How To Handle an Aging Parent’s Hearing and Vision Loss

Posted by Meghan Orner on July 18, 2016

How To Handle an Aging Parent’s Hearing and Vision Loss

As we age, we become more susceptible to a variety of health problems, with hearing and vision loss being two of the most common conditions. Physicians often recommend regular hearing and vision screenings for older adults for this reason. These two conditions may be complicated, but knowing how to handle an aging parent’s hearing problems and vision loss can help you ensure their safety both inside and outside of the home.

Know the Numbers

So just how many older adults are affected by hearing problems and vision loss? The numbers may surprise you.

According to the National Institute on Deafness and Other Communication Disorders, hearing loss affects one-third of those between the ages of 65 and 74, and nearly half of those older than 75. Like hearing loss, the risk of vision loss also increases with age. Age-related macular degeneration affects over 2 million adults over the age of 50 according to the National Eye Institute.

It’s important to note that those with diabetes are at a much greater risk of hearing and vision loss. The American Diabetes Association estimates that those with diabetes are twice as likely to experience hearing loss. Vision problems are also extremely common as diabetes increases the risk of glaucoma by 40 percent and the risk of cataracts by 60 percent.   

Your Next Steps

Just because your loved one is experiencing hearing or vision loss doesn’t mean that their lifestyle needs to completely change. There are solutions out there specifically designed for those suffering from hearing or vision loss. Getting used to these adjustments will certainly be a big transition for your parent, but there are ways you can help.

Here are some suggestions for how to handle an aging parent’s hearing loss:

  • Schedule a hearing screening. Hearing screenings can take place at your parent’s doctor’s office, but if they already openly admit to having hearing problems, it may be best to go directly to a hearing specialist, called an audiologist. An audiologist can measure your loved one’s degree of hearing loss. This is a great way to discover treatment options – whether that involves another specialist, called an otolaryngologist, to treat an ear disease or to a hearing aid specialist for custom hearing aids. Even if your loved one isn’t experiencing any hearing problems, it’s still a good idea to ask their doctor for a hearing screening at all appointments after the age of 50.
  • Consider helpful devices. Hearing aids, cochlear implants, and assistive-listening devices are all designed to help your parent cope with their hearing loss. The best treatment option, however, depends on your loved one’s condition, so be sure to seek professional advice first.
  • Know how you can help. If you think dealing with your parent’s hearing loss is frustrating for you, imagine how they must feel. Being sensitive to their hearing problems is the first step towards helping them. There are also plenty of ways you can help make hearing easier for your loved one:   
    • Face them when you talk. Your loved one may better understand you if they see your mouth move and your facial expressions.
    • Speak louder without shouting. You don’t have to talk slowly or yell, but be sure to enunciate your words.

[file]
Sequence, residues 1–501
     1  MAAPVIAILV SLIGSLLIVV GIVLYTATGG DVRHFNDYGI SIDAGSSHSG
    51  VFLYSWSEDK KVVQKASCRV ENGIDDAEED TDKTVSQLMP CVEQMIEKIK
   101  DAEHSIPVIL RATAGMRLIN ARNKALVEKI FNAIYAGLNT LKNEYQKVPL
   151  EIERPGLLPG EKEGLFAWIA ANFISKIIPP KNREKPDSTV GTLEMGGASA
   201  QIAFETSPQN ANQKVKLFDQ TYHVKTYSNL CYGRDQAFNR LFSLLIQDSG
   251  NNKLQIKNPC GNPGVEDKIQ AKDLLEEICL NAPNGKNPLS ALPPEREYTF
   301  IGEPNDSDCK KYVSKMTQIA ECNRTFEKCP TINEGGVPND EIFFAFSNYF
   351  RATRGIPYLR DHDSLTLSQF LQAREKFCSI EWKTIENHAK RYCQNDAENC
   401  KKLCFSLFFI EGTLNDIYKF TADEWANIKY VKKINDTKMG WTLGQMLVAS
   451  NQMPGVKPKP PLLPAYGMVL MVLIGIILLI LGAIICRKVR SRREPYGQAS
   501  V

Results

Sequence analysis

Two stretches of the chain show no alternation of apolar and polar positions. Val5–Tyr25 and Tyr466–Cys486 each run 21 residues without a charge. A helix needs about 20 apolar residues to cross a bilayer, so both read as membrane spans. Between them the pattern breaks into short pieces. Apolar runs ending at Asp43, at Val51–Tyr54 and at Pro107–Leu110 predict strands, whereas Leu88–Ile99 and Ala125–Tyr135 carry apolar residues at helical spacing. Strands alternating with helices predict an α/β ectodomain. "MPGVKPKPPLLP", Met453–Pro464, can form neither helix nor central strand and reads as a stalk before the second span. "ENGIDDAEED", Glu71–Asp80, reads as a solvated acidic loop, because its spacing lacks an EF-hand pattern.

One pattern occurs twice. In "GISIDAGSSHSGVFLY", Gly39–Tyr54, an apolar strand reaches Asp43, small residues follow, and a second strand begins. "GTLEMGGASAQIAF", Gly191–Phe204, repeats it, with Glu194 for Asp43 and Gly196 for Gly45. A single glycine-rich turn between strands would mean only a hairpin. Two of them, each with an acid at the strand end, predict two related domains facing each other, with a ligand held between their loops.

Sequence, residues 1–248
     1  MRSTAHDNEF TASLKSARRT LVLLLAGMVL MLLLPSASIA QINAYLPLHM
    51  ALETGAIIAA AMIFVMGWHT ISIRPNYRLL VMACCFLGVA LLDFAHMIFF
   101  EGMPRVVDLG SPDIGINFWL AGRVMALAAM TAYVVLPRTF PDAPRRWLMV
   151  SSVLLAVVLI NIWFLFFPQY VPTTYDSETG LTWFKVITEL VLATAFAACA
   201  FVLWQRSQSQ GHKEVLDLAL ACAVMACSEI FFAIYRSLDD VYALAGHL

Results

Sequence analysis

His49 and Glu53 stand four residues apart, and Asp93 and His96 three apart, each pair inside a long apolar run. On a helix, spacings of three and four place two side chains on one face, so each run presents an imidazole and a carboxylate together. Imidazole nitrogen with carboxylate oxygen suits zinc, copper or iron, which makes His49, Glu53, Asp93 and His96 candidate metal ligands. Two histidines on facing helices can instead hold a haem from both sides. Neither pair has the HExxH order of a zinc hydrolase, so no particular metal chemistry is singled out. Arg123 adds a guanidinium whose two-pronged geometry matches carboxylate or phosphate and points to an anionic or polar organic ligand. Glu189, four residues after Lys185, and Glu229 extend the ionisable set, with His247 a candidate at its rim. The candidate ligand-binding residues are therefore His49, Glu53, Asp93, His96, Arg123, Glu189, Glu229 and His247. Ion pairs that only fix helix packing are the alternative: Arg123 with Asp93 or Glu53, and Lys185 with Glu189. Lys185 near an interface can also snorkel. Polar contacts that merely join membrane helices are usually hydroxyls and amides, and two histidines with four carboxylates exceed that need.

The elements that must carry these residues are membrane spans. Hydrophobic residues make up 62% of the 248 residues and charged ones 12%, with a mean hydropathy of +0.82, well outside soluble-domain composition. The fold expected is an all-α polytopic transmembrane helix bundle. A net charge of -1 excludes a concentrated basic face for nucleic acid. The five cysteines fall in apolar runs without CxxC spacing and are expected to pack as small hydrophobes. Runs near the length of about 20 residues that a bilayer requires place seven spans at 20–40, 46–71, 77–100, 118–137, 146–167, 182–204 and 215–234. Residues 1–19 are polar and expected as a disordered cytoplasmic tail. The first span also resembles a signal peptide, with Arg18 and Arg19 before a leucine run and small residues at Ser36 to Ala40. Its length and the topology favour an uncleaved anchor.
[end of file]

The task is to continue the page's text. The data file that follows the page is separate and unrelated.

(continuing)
• Get rid of the background noise. Turn off the radio or TV if you and your loved one aren’t actively listening to it.
    • Be patient. Experiencing hearing loss isn’t easy, and there’s certainly no shame in it. It may take some time for you both to get used to these changes, but by working together, your loved one will be able to hear better.
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    If your aging parent is dealing with vision loss, here are some ways you can help:

  • Schedule a vision screening. The American Optometric Association suggests scheduling a vision screening at least once a year after the age of 60. These screenings are essential to check for age-related eye diseases, such as cataracts, glaucoma and age-related macular degeneration. These diseases often develop without symptoms, and early detection is key in treating them. The importance of vision screenings cannot be underestimated! Should you notice any changes in your vision, see your doctor immediately.  
  • Consider helpful devices. Vision loss doesn’t have to define your loved one’s lifestyle. Spectacle-mounted magnifiers, video magnification, handheld or spectacle-mounted telescopes and handheld or stand magnifiers all make basic daily tasks easier. Large-type books, magazines and newspapers along with books on tape are perfect if your loved one is a big reader. Your eye doctor will most likely have even more solutions for you, allowing your loved one to continue to enjoy their favorite activities.
  • Get support. Remind your parent that there are options and resources available to help them. A great eye doctor and rehabilitative services can help you create a rehabilitation plan and even provide resources to help your loved one maintain their independence.
  • Changes At Home

    Both hearing loss and vision loss can lead to accidents at home if you haven’t taken the right precautions. Whether your loved one lives alone or lives with you, there are steps you can take to make the house a safer place for their failing senses.

    Falls are a big concern for those who suffer from hearing problems and vision loss, and can end up leading to additional health complications down the road.  Consider purchasing a medical alert system to keep them protected and ensure they will always have access to help should they need it.


    TAGS: hearing problems vision loss